Mike Tarpey had his struggles.
In 2007, his first year coaching the Ladue Rams, the team suffered through growing pains and ended with a 2-8 record. It is the worst season the program has endured so far in the 21st century. However, Tarpey and the program moved forward and got a little better the following year and since the 2009 season they’ve been one of the most consistent teams in the St. Louis area.
If you look at the numbers, it’s difficult to find a better record in the last ten seasons by a head football coach. Tarpey’s record at Ladue stands at 83-35. 2007 is the only losing season in his tenure and has guided the Rams five times to double-digit winning season. In 2014 and 2016 the Rams made it to the semifinals but came up short both times. This year they appear to have the talent to make it back and go further.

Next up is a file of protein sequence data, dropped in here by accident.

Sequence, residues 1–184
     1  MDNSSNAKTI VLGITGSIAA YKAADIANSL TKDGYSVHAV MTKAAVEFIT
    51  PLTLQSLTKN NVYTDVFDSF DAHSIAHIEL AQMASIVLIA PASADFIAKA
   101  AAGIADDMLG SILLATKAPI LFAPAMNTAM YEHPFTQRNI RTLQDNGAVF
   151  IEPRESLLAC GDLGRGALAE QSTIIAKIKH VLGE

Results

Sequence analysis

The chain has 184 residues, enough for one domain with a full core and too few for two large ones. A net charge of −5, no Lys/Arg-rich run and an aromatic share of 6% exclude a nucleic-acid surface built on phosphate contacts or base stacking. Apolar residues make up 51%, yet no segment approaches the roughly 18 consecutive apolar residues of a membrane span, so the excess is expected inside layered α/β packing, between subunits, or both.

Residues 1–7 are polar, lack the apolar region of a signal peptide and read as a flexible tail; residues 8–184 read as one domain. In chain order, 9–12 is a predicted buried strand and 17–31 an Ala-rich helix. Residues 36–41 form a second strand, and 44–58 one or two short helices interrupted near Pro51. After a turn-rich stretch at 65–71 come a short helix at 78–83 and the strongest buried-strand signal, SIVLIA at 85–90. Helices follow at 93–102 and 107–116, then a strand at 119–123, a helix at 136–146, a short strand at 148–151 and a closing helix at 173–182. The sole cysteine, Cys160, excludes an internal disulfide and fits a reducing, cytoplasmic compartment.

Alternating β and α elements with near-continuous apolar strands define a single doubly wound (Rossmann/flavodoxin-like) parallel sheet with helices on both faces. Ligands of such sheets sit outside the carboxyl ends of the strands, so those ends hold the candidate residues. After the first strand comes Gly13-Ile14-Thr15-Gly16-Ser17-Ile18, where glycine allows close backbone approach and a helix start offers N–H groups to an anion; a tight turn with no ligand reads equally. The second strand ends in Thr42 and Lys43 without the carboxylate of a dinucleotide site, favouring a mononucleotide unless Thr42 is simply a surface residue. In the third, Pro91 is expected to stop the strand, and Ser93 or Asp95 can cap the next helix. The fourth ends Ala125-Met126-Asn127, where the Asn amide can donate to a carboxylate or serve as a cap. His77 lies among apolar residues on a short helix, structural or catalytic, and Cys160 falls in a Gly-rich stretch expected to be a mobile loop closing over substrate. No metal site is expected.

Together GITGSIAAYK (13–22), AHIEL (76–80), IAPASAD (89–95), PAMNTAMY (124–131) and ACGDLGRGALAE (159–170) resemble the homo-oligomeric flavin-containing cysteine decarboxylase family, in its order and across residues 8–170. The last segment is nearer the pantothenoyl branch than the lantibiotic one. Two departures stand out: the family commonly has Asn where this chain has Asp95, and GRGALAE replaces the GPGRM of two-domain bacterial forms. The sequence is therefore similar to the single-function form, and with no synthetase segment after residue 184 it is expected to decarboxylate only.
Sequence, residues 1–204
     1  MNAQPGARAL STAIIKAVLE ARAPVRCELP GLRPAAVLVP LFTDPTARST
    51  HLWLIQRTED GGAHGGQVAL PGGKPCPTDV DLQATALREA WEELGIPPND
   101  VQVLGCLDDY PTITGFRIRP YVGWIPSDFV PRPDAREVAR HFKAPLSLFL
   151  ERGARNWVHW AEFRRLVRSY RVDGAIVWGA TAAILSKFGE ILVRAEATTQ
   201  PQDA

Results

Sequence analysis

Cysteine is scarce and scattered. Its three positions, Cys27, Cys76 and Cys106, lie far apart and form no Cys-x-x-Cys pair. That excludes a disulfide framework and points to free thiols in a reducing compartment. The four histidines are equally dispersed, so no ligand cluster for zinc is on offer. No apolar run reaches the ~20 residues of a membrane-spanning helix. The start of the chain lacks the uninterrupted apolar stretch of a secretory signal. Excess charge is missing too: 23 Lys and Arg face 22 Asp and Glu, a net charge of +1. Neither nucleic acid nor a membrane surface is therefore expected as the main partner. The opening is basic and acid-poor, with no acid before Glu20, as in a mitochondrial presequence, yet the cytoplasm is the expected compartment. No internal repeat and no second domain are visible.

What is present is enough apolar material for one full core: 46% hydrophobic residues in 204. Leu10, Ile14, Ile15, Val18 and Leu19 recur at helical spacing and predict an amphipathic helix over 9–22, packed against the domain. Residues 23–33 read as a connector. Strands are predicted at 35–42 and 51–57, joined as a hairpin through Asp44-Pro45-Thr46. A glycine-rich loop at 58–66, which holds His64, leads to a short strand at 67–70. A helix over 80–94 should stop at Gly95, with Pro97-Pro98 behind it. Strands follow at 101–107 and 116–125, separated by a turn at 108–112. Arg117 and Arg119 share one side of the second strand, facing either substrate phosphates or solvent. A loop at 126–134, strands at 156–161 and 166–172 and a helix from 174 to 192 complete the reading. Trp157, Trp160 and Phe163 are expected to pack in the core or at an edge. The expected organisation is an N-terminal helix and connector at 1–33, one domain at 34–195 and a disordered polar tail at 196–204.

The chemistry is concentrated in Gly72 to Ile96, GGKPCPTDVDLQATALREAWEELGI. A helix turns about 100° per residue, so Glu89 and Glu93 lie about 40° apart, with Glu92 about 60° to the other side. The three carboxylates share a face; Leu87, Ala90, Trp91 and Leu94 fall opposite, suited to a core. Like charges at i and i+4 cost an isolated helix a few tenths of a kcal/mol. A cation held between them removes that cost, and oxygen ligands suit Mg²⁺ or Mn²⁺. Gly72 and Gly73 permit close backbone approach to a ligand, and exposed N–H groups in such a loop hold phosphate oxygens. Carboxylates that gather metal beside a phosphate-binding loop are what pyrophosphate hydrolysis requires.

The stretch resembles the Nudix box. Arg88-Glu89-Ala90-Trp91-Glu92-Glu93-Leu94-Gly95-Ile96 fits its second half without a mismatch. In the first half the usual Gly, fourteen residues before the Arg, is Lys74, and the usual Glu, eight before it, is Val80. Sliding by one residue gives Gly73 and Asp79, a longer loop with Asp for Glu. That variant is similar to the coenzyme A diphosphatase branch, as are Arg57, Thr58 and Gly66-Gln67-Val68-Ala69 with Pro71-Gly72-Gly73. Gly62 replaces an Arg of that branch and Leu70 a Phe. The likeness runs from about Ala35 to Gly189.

“[We’re] not what where we were last year, and you have to be humble,” Tarpey said. You’re not where you were last week. You learn, and you want kids to be excited and confident, but there’s a big difference between cockiness and confidence. You want to have a confident and humble approach.”
Ladue will have one of the better quarterbacks in the area in Jordan Jackson. A three-year starter, Jackson threw for exactly 2,300 yards, 22 touchdowns, nine interceptions and completed 57 percent of his passes. As much of a force he is in the air, the 5-foot-9, 155 pound senior is slippery on the ground. Jackson rushed for 673 yards and scored nine touchdowns. Take away some sacks, and he would’ve had over 30 touchdowns and 3,000 total yards. That was all good enough for him to be named to the Class 4 First Team All-State list as an ATH.
“He’s become really confident,” Tarpey said. “When you have that coach on the field, and the kids respond to that it’s a huge benefit at this level.”
Jackson had five assuring and fast receivers to throw to in 2016, but four of them graduated. The lone returner though is junior Dale Chesson who has tons of potential. He caught 24 passes and accumulated 316 yards and a touchdown, but will get much more touches as he will be a focal point in the Rams offense.